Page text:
Convergence between poorer and richer countries comes to a halt
In 2018, gross financial assets in emerging markets not only declined for the first time, but the decline of -0.4% was also more pronounced than in the industrialized countries (-0.1%). The weak development in China, where assets fell by 3.4%, played a key role in this. However, other important emerging markets such as Mexico and South Africa also had to absorb significant losses in 2018.
This is a remarkable trend reversal. Over the last two decades, the growth gap between poorer and richer regions of the world still stands at an impressive 11.2 percentage points on average. It seems that the trade disputes have set an abrupt stop sign for the catching-up process of the poorer countries. Industrialized countries, however, did not benefit either. Both Japan (-1.2%), Western Europe (-0.2%) and North America (-0.3%) had to cope with negative asset growth.
The price of low yields
At the same time, fresh savings set a new record. They increased by 22% to more than EUR 2,700 billion. The increase in the flow of funds, however, was solely driven by US households, who – thanks to the US tax reform – upped their fresh savings by a whopping 46%; two thirds of all savings in industrialized countries thus originated in the US. But the analysis of fresh savings in 2018 reveals another peculiarity: Savers seemed to turn their backs on the asset class of insurance and pensions. Its share in total fresh savings has fallen from more than 50% before and immediately after the crisis to a mere 25% in 2018. And while US households increased in return their demand for securities, all other house-holds preferred bank deposits (and sold securities): In Western Europe, for example, two thirds of fresh savings ended up in bank coffers; worldwide, bank deposits remained the most popular destination for fresh savings, for the eighth year in a row. This penchant for liquid and supposedly safe assets costs savers dearly, however: Losses suffered by households as a result of inflation are expected to have risen to almost EUR 600 billion in 2018.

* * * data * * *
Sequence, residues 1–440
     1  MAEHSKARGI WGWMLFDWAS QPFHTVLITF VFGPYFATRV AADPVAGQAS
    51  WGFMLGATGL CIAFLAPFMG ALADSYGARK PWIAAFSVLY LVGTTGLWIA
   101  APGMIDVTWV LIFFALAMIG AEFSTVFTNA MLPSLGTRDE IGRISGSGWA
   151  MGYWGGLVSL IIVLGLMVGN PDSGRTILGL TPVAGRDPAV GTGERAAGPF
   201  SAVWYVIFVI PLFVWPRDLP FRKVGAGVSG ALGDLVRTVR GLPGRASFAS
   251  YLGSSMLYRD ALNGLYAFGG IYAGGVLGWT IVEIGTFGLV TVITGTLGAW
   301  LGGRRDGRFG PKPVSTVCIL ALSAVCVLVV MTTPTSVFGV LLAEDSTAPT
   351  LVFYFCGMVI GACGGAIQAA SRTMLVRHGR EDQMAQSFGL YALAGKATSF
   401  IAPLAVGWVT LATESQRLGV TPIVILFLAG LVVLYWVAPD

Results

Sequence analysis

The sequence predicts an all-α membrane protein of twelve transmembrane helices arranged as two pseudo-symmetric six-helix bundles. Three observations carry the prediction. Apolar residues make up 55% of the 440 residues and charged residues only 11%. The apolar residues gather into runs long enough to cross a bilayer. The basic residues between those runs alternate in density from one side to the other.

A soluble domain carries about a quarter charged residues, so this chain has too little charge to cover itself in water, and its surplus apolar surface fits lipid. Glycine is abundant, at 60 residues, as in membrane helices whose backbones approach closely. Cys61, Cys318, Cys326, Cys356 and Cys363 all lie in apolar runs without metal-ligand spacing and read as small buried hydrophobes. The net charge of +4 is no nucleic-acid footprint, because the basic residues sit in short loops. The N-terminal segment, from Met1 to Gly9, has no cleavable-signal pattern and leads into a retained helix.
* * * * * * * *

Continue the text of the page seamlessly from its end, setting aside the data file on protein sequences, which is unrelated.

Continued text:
It is paradox savings behavior. Many people save more because they expect a longer and more active life in retirement. At the same time, they shun exactly those products that offer effective old-age protection, namely life insurances and annuities. Seemingly, the low yield environment undermines the willingness for long-term saving. But the world needs nothing more than long-term savers and investors to deal with all the upcoming challenges.
Growth in liabilities stabilize at high level
Worldwide household liabilities rose by 5.7% in 2018, just below the previous year's level of 6.0%, but also well above the long-term average annual growth rate of 3.6%. The global debt ratio (liabilities as a percentage of GDP), however, remained stable at 65.1%, thanks to still robust economic growth. Most regions saw a similar development in that respect. Asia (excluding Japan) is a different story. In the last three years alone, the debt ratio jumped by almost ten percentage points, driven mainly by China (+15 percentage points).
Debt dynamics in Asia and particularly in China are concerning. With a debt ratio of 54%, Chinese households are already relatively as indebted as, German or Italian ones. The last time, we witnessed such a rapid increase in private indebtedness was in the USA, Spain and Ireland shortly before the financial crisis. Compared to most industrialized countries, debt levels in China are still markedly lower. Supervisory agencies, however, should no longer stand by and watch. Debt-fueled growth is not sustainable – even China is not immune against a debt crisis.
Because of the strong growth in liabilities, net financial assets i.e. the difference between gross financial assets and debt fell by 1.9% to EUR 129.8 trillion at the close of 2018. Emerging countries in particular suffered a drastic decline, net financial assets shrank by 5.7% (industrialized countries: -1.1%).